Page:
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Are you taking advantage of the great opportunity that Artificial Intelligence (AI) offers to your IT Solution Provider or Managed Service Provider (MSP) business?

AI is being used in all areas of life now, from a personal assistant who schedules meetings for you to an AI friend that looks after your money. AI isn’t tomorrow’s technology. It’s here, today.

I recently wrote about three ways MSPs can use AI to increase their profits, lowering their cost of support by using machine learning. I received a lot of feedback on that article from MSPs asking for ideas on how to implement AI within their MSP business. So, where should you start? Here are my 7 rules for using AI effectively within your MSP business:

Create a decision framework

The first step towards implementing AI within your MSP is to create a decision framework. Put simply, don’t try to automate anything until you understand the decision process first.

For instance, your Professional Service Automation (PSA) tool should show you your top 5 ticket types. What steps do you typically take to resolve these tickets? What kinds of decisions do you typically make? By finding the answers to these questions, you can establish areas where you can easily streamline.

When choosing what to automate, ask yourself the question “How often does it happen vs how much does it cost to resolve?” Assign a cost to these decision frameworks before you begin. How long does it take an engineer to resolve that ticket right now? Create the baseline. This will show you how much time and money you’ve saved when after the tickets are automated.

Be proactive

When looking at using AI and automation within your MSP business, look beyond the basic tasks such as service restarts and disk space resets. What cumbersome tasks could be automated — perhaps using AI — to free up your time? Think sideways here.

Thinking sideways about issues means you can take a high priority, urgent ticket and turn it into a low priority ticket you can deal with when you have more time. 

I saw a great example of this with an MSP I worked with recently. They found (using step 1 above) that many of their support requests were about printers not working. These support requests took time to resolve — time that both the engineer and the end-user didn’t want to waste.

When the MSP now receives a printer issue ticket, they use automation to set the default printer for the user to another printer nearby. This gets the user up and running again almost immediately. The non-functioning printer is then flagged as a lower priority ticket for the MSP to investigate at their leisure.

Look for patterns

What patterns can you spot where automation might help? If a server fails regularly, what are the underlying conditions? How can AI be used to spot those patterns and take appropriate action, when those conditions are almost met?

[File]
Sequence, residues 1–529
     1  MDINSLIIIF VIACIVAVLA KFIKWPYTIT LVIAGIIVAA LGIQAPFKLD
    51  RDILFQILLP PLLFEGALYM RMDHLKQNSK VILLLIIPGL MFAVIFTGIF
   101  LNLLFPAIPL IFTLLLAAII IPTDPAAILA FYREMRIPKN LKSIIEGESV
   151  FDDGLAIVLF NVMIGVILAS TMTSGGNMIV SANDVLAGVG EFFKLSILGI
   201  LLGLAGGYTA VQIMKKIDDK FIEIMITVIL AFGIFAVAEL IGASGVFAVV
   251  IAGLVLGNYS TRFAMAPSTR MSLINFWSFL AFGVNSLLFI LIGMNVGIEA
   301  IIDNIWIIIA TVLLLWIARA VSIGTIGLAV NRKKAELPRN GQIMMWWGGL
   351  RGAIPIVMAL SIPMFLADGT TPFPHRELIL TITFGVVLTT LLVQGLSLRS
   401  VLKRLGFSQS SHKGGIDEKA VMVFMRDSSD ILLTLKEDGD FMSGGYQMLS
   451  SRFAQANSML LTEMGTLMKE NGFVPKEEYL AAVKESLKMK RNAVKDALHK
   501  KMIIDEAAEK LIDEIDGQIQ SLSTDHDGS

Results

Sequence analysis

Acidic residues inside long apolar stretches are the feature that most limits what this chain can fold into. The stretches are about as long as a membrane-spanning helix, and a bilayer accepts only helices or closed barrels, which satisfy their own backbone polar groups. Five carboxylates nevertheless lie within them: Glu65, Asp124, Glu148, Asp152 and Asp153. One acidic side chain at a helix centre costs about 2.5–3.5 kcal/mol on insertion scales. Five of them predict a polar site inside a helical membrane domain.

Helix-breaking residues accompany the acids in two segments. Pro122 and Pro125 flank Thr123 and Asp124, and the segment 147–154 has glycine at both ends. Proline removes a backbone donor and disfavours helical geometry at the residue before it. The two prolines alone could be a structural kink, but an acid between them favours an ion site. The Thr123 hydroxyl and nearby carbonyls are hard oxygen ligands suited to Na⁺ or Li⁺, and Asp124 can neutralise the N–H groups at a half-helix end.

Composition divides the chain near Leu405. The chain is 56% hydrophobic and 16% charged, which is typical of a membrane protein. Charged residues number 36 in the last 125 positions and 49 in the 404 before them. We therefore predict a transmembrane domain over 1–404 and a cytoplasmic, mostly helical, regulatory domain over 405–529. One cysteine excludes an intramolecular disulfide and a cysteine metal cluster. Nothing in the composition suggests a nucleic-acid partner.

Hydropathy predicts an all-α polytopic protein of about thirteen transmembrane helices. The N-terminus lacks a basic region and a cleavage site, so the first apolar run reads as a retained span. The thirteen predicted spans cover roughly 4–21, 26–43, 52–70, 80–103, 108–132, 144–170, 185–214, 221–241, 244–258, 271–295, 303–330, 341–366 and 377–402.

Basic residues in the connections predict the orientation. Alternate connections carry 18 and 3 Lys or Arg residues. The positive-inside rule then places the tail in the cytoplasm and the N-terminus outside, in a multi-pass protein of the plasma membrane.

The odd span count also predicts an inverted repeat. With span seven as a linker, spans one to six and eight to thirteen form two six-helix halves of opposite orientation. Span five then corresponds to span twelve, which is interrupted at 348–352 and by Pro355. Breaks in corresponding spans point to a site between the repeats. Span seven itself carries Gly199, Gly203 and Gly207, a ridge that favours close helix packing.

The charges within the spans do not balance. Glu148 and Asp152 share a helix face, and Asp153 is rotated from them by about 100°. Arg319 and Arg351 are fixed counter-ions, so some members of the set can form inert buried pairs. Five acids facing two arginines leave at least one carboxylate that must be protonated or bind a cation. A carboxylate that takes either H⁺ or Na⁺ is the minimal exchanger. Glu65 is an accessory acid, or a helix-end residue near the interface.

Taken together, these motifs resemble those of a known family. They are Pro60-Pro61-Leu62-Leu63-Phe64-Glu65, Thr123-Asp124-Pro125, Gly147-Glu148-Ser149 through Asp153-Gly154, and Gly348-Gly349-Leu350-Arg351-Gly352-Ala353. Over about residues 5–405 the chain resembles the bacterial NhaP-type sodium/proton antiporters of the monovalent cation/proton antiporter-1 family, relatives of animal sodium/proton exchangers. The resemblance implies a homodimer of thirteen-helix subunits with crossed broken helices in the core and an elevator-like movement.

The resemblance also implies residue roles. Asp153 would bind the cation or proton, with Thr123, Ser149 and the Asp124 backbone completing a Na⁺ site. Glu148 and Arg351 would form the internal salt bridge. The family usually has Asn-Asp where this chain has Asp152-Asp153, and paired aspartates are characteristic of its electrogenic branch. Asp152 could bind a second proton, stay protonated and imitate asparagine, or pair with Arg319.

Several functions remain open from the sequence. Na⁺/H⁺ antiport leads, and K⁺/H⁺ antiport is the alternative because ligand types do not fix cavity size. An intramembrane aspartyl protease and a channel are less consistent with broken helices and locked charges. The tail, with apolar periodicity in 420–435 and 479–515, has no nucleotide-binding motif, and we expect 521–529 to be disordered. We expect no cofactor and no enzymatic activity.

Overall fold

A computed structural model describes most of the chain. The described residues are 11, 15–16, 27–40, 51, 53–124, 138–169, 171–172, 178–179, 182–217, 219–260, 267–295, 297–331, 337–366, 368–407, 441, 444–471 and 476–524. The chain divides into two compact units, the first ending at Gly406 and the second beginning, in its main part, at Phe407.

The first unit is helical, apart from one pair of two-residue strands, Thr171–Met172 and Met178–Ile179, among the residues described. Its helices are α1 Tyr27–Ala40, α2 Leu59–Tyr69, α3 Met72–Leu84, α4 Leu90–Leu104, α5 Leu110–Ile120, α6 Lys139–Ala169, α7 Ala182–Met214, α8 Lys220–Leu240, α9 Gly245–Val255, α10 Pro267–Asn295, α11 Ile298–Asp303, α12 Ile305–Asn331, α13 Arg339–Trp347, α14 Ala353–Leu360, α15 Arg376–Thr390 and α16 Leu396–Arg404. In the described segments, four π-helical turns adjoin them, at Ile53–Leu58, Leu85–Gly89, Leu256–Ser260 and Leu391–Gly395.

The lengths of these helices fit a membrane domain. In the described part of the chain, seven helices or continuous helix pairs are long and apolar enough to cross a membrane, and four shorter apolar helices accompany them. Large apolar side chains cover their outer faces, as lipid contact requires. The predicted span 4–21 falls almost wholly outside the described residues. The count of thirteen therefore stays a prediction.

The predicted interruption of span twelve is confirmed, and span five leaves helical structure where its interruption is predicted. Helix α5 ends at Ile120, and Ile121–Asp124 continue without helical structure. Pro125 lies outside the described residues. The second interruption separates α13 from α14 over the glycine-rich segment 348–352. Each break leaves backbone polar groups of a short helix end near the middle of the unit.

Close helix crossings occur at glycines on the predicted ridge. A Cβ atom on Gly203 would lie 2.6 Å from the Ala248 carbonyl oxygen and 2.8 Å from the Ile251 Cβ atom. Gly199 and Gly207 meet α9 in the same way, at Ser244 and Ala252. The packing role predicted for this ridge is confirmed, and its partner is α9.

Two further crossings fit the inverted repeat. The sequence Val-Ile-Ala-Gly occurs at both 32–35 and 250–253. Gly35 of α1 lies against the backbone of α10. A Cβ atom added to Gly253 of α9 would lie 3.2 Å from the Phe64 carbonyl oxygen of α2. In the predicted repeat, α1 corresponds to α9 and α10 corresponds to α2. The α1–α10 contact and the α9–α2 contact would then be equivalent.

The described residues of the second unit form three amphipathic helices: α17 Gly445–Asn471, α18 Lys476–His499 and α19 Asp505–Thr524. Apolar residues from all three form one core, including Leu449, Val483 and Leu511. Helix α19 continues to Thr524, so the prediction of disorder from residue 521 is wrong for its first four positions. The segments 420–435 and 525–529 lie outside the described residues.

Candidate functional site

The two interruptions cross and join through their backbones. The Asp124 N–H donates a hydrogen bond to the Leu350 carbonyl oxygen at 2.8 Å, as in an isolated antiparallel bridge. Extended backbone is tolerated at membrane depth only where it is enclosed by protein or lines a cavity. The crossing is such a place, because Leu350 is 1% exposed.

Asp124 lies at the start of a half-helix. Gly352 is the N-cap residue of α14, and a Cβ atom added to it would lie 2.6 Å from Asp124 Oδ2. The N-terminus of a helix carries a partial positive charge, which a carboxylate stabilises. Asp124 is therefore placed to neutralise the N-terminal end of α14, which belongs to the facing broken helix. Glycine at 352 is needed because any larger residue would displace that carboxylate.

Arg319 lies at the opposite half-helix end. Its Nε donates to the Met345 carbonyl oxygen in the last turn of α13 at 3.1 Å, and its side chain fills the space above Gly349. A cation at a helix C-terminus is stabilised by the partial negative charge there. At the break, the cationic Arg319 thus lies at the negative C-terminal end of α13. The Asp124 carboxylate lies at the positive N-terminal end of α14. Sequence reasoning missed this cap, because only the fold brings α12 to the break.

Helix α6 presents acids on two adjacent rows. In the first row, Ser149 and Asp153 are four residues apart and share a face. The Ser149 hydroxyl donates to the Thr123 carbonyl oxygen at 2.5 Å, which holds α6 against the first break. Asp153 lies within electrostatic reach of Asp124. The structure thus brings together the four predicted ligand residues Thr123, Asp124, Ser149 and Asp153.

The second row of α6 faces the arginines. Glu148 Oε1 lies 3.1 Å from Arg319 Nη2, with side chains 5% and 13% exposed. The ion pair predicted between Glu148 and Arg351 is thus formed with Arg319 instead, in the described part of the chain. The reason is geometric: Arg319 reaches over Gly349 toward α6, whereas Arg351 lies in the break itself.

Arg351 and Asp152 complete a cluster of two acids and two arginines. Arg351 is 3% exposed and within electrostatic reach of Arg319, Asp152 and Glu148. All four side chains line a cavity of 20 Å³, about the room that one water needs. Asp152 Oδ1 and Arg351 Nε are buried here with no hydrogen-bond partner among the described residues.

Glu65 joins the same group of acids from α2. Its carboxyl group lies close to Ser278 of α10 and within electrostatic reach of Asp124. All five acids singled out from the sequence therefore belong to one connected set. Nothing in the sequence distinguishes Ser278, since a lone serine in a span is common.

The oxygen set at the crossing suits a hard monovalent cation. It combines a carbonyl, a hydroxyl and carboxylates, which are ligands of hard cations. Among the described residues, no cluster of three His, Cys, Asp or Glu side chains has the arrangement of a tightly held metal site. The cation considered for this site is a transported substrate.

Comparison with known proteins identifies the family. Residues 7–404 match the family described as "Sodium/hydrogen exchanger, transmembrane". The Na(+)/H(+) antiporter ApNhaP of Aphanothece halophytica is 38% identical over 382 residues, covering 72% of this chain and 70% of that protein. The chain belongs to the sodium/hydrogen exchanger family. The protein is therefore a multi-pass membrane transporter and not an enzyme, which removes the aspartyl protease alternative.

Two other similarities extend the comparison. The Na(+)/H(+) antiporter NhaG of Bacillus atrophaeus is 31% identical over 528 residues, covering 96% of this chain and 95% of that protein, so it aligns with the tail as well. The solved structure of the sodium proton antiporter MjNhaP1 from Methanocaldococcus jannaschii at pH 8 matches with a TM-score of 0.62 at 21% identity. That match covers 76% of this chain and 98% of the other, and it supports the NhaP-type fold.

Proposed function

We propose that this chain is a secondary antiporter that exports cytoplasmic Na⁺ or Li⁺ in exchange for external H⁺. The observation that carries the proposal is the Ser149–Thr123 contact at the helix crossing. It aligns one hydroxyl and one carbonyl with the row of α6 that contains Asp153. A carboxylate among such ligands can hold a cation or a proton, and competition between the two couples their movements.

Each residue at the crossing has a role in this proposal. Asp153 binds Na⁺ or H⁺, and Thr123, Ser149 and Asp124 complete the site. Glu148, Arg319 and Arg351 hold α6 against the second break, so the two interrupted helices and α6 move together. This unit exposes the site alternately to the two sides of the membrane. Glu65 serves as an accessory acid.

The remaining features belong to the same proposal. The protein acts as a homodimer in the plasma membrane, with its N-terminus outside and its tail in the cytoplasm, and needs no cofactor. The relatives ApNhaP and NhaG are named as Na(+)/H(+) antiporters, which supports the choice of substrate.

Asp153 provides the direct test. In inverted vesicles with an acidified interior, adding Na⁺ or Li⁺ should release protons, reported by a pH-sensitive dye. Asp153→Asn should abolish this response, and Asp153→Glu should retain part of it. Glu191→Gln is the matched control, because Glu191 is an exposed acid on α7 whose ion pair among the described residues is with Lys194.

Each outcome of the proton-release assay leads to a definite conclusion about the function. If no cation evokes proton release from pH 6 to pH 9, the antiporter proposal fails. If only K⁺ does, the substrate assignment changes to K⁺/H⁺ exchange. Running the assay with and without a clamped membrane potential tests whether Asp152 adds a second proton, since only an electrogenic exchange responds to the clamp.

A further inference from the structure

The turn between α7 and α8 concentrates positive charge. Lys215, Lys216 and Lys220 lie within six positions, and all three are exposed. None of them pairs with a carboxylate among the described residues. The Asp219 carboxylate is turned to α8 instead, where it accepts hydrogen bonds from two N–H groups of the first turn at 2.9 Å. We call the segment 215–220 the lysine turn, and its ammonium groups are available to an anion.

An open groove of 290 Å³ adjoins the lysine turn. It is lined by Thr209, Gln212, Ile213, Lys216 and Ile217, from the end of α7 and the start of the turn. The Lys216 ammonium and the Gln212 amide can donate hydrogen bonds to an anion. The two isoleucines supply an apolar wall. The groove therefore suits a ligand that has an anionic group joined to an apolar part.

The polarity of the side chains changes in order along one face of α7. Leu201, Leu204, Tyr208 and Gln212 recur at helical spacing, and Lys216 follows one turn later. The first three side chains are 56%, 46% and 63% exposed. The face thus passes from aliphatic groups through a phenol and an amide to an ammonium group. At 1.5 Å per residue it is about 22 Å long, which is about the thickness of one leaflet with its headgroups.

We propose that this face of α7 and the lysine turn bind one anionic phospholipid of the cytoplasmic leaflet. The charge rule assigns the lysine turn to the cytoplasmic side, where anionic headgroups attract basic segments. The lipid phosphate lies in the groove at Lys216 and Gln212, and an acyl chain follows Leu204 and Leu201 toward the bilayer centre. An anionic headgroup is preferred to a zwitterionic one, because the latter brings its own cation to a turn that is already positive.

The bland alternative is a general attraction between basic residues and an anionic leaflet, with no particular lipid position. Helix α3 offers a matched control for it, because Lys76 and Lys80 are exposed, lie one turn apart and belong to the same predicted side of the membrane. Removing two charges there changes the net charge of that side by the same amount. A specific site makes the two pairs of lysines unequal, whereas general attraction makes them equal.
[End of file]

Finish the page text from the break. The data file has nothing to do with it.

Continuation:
For instance, you spot that a Line of Business (LoB) service often saps too many resources before it crashes and takes the server down with it. Could you proactively restart that service when it sees CPU hit 90 percent? Again, this takes an urgent issue (the server crashing) and turns it into a low priority issue because you can take your time to resolve the LoB issue.

Look to automate across multiple client sites

One great way to reduce your costs of support by using AI, is to look for situations and scenarios that are true across multiple clients. You can then research an automation strategy that can be used to help streamline potential issues. For example, this could be useful when multi-tenant services such as Office 365 go offline. What steps could you automate to help the multiple clients who are affected?

Automation can save you significant time communicating with multiple clients in this scenario, reducing service desk tickets and triage resources.

Look for event triggers

Look for opportunities to automate specific triggers. For instance, one trigger might be when a new user account is created.

  • Which groups can a new user be added to
  • Which software needs to be installed for the new user

Likewise, when a user account is changed — which software can be uninstalled?

The Internet tool, IFTTT – If This Then That, can provide you with some great examples of automation for event triggers. Go and try it!

Continuously review and optimize

Despite the name, automation isn’t a set and forget process. As a business, you will need to review, maintain, and tweak your automation and AI processes often. To help accomplish this, put a process in place to for regularly review any automation you create. Otherwise, you may well end up with a scenario where the AI goes crazy, Terminator-style!

Photo: John Williams / Shutterstock

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Richard Tubb

Posted by Richard Tubb

Richard Tubb is a blogger, speaker, and author from Newcastle-Upon-Tyne in the Northeast of England. He provides expert advice to help MSPs grow their IT business, and he has helped the owners of hundreds of MSPs to free up their time, concentrate on doing what is important, and make more money.

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